It is very little wonder why so many of them are unfulfilled, dissatisfied with life, and out there seeking cheap distinction.

Distinction—Cheap or Valuable

We all know names like Elon Musk, Serena Williams, or Ron DeSantis.  They are leaders in their realms of popular culture and sport, business or politics.  And we can probably agree that some of their success is an inheritance of genetics, good fortune or the opportunities granted them.

However, what they are doing, like them or not, is producing results and with this are being rewarded for the things they do.  They have outcompeted many, they distinguished themselves by showing up for work and by putting the time in.  It is for that reason their recognition is earned.  They do the things we care about and we make them famous for this unique resume.

Earlier this week I saw a story about Rose Namajunas, a diminutive female UFC fighter with a very big attitude that earned her the nickname “Thug Rose” in school, and how she’s being featured in a Victoria’s Secret ad campaign.  The message “all expressions, no definitions,” with the word “undefinable,” do certainly fit her outsized personality and the mean head kicks she can deliver, all the while being very emotional.

The point a marketing strategy is cynical, it is to tickle ears and encourage more consumption of a particular good or service.  Those who produced this advertising campaign did it trying to target a certain demographic in the hope of profit.  And that target is probably not those who will ever have the same work ethic and skills as Rose, but is those who crave the same notoriety and ‘undefinable’ uniqueness.

We all wish to be significant, to distinguish ourselves from the pack, to be appreciated and loved.  There are many who are looking for a shortcut or feel entitled to these things, they want the same acceptance, recognition and rewards as those at the top.  They buy expensive clothes, the latest smart phones or cars beyond their budget, all trying to gain attention through their appearance rather than actual character.  

There is hard-earned distinction and there is the cheap kind.  There is the content creator who shares of their substance and then the one who destroys things for clicks.  There is the pleasing gift of Abel and that unworthy offering of Cain.  There is that real fulfillment which comes from making contribution and then the imitation that is outwardly prideful, expresses itself loudly, while truly being an envious, bitter and impoverished soul.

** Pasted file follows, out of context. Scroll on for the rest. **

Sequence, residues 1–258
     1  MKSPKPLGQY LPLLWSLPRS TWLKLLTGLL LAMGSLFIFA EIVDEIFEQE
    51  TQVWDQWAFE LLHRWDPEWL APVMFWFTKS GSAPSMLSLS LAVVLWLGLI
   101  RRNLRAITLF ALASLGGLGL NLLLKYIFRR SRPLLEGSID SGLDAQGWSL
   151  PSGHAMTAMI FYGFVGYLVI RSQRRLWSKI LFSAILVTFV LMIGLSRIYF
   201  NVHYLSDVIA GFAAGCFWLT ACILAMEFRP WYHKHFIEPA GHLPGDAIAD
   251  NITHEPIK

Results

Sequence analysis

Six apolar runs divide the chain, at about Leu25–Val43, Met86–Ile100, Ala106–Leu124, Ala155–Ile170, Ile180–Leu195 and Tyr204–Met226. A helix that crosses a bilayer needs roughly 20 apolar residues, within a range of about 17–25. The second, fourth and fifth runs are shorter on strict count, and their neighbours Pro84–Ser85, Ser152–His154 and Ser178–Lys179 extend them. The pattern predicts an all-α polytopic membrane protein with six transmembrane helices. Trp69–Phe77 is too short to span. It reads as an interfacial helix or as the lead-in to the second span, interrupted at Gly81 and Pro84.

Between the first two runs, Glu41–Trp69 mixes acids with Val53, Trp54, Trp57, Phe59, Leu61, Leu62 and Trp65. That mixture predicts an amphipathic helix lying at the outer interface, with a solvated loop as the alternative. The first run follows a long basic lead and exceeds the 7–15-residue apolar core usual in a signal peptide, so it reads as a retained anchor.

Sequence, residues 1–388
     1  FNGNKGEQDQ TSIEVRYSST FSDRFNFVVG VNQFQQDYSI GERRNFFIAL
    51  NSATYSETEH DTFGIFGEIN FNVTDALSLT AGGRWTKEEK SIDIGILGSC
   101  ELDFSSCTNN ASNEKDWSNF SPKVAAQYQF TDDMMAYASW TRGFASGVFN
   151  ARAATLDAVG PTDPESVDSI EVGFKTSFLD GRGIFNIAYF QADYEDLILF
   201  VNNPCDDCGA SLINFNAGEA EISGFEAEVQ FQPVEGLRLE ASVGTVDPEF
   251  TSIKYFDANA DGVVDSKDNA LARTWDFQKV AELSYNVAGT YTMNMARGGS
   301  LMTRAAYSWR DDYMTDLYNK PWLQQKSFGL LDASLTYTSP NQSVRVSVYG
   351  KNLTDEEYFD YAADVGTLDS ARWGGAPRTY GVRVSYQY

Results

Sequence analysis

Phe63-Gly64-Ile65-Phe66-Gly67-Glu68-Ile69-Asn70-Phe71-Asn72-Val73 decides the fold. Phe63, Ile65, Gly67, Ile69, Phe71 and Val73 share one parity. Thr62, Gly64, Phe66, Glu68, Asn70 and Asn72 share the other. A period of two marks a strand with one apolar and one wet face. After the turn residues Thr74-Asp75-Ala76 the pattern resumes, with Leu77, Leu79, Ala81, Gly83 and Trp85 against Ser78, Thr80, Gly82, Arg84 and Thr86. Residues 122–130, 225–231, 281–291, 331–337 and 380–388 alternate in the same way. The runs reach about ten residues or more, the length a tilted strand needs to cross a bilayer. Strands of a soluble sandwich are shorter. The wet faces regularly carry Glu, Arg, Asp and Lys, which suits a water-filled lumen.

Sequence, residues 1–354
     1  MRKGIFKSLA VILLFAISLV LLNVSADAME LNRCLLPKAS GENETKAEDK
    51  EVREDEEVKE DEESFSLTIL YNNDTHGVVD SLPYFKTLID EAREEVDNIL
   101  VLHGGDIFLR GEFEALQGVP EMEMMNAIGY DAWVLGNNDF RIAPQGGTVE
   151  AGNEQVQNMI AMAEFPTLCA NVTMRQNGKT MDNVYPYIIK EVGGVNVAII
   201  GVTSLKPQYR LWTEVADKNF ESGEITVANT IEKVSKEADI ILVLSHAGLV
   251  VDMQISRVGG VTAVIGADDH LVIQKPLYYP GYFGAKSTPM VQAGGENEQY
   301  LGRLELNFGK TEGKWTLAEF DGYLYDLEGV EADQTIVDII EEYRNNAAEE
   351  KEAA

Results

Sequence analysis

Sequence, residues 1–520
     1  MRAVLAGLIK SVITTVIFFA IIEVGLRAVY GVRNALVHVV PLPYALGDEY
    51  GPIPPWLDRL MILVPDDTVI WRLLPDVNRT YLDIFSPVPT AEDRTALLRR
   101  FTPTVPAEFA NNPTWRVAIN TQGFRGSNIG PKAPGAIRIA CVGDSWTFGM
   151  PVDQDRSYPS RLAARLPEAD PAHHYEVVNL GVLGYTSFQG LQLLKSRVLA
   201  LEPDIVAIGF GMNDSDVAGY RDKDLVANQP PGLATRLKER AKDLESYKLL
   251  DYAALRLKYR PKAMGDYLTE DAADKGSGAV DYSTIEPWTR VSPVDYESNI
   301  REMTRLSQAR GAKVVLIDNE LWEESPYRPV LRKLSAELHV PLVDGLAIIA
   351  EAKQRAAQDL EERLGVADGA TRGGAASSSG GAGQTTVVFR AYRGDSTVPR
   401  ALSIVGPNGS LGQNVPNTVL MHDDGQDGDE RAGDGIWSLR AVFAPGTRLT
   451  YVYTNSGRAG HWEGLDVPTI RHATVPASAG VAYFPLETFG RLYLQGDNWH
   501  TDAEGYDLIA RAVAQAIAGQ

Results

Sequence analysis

Personal Pronouns and No-name Jerseys

Penn State football has a long tradition of not putting the names of players on jerseys and this is to reinforce the notion of selfless team effort over a bunch of individuals only in it for themselves.  

No name, all game

Success on the field and in life depends on our plugging in and sometimes putting aside our own preferences for the good of others.  We can get more done by working together, respecting the established system, rather than demand that everyone makes special accomodations for us.

Yes, there is a time for grievances.  We also should be a reasonable give and take so far as how individuals and the members of the group interact with each other.

And yet this idea that we should rewrite cultural conventions, negotiated over many centuries, simply so some ‘woke’ Karens can have power over others, is not a grievance I can ever honor.  It is not reasonable for a person to decide the pronouns that apply to them or force us to go along with their newly invented categories.  

We don’t need to be Amish, severely limiting individual expression to maintain community cohesion, but we also don’t want to keep on this path of total atomization either.  There’s a reason why the barn raising religion is able to flourish while the rest of us are headed for Babal, confusion and collapse.

Rose By Any Other Name

This morning, pondering how the categories of mental illness are a bit arbitrary and how much I dislike how these labels pigeonhole  people, there was the thought that my given name was the best possible diagnosis of me.  I mean, I’m Joel.  I don’t need a personal pronoun when I already have my own name and identity completely my own.  

Ironically, the same people who want to have new pronouns for themselves also seem to revel in their mental illness as well.  Anything to be different.  It is a sort of humble-brag, a title of distinction of our era, to talk about your PTSD or bi-polar disorder.  If you are the right person, if you can make yourself a part of the right identity group, then your self-declared victimhood will be treated as a virtue.

It goes beyond moral inversion.  People think that you can slap the right label on a person and it will make up for their deficiencies.  If only they were described right, if we would see their pink hair as an accomplishment, then they would love themselves.  Of course, this is a lie, people so into themselves are always a black hole and no amount of love given will fill their deep void.

It is the spirit of those who are content to remain nameless, who get their numbers called for what they do for the whole, that actually matters.  People will know what is great and what is not no matter what label is applied.  I can never forget what W.E.B Du Bois wrote to a student:

Do not at the outset of your career make the all too common error of mistaking names for things. Names are only conventional signs for identifying things. Things are the reality that counts. If a thing is despised, either because of ignorance or because it is despicable, you will not alter matters by changing its name.

The Name “Negro”